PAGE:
Blog dedicated to reporting on Mexican drug cartels
on the border line between the US and Mexico

Friday, June 16, 2023

What is the Point of Tracking US News Media Coverage about Security in Mexico?

"By "El Huaso" for Borderland Beat

A Borderland Beat commenter asked me a fair question in response to an earlier article: what is the point of tracking US news media coverage about security in Mexico? Here, I explain my opinion on why this is worth taking a look at, and a sneak peak at a paper I hope to submit later this year.

Why is this relevant and worth our time? I argue that tracking what the US media is reporting on is a way of predicting US legislation as well as gauging public opinion on a topic. By tracking what the media writes, we can better understand what we are in for.

"The Press has become the greatest power within Western countries, more powerful than the
legislature, the executive, and the judiciary. One would then like to ask: By what law has it been elected and to whom is it responsible?"

Aleksandr Solzhenitsyn

The media is a powerful force which influences legislation in a number of ways from changing public opinion which in result can decide elections, to providing the information that lawmakers use to make decisions. Several studies have examined this from several angles, but here is a concrete example: several months ago, 21 US Attorneys general sent a letter to US president Joe Biden demanding that he designate organized crime groups in Mexico as terrorist organizations. If you look at the footnotes of the letter, the sources were almost exclusively from news press articles from American sources favorable to their viewpoint. Lawmakers and their aides don’t read academic articles or expert reports. In this way, whatever the media is reporting, not what experts write, becomes the law of the land.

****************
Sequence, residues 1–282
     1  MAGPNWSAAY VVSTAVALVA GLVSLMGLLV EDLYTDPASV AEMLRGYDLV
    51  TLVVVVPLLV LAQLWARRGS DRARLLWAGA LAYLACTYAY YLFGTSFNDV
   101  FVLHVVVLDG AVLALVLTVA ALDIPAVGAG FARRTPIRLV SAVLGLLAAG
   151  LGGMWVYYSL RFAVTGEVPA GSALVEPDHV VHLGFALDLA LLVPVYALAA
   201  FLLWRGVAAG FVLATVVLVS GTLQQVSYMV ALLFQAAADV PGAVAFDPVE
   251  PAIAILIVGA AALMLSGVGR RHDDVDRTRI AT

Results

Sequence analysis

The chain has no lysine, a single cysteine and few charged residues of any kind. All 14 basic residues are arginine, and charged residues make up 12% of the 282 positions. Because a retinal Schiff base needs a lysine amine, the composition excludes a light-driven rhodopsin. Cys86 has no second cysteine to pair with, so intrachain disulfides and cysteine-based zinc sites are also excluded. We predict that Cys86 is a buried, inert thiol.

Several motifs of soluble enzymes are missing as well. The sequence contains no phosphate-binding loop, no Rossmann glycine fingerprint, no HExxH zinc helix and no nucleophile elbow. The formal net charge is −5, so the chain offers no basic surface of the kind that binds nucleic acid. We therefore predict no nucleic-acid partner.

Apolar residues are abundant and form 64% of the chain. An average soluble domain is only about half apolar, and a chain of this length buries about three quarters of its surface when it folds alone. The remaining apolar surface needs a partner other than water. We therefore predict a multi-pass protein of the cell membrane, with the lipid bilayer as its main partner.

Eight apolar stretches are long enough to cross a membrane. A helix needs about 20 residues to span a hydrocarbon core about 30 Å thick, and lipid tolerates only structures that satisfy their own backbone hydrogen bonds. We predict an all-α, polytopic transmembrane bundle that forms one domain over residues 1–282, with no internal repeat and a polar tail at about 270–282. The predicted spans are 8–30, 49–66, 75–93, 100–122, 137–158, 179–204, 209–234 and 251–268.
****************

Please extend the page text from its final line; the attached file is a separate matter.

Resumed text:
Tracking media trends can also give us a sense of whether the media is overhyping an issue or not. The US media is often criticized for sensationalizing various topics, drowning us in coverage of whatever is garnering clicks at the moment. This is no different with coverage of violence in Mexico, where the US media has been accused of covering it for ends including simply profiting off of clicks from violent content, to laying the public support groundwork for US invasion. This is a critique we can explore based on trends in the quantity of news articles about certain topics, and comparing with concrete data of what is happening on the ground.

Here is some data I posted yesterday: In 2022, the United States news media wrote four times as many news articles about security and cartels in Mexico than they did in 2002, an increase just about proportional to the increase in homicides in that period. Further, there is a strong correlation of .859 between the annual homicide count in Mexico and the number of articles covering insecurity and organized crime. Basically, as violence increases, journalists write more stories about violence in Mexico.

Figure 1: Number of articles by year in US media, keywords: "violence, cartel, Mexico"

This makes sense. It sounds obvious. But it is helpful to know for sure as I argue that it suggests that there is not some concerted effort to overhype the violence in Mexico, since the increase in press attention matches the increase in violence over the last two decades. If there was no connection between the two, I would assume there is some manipulation or ungrounded hype in the media coverage.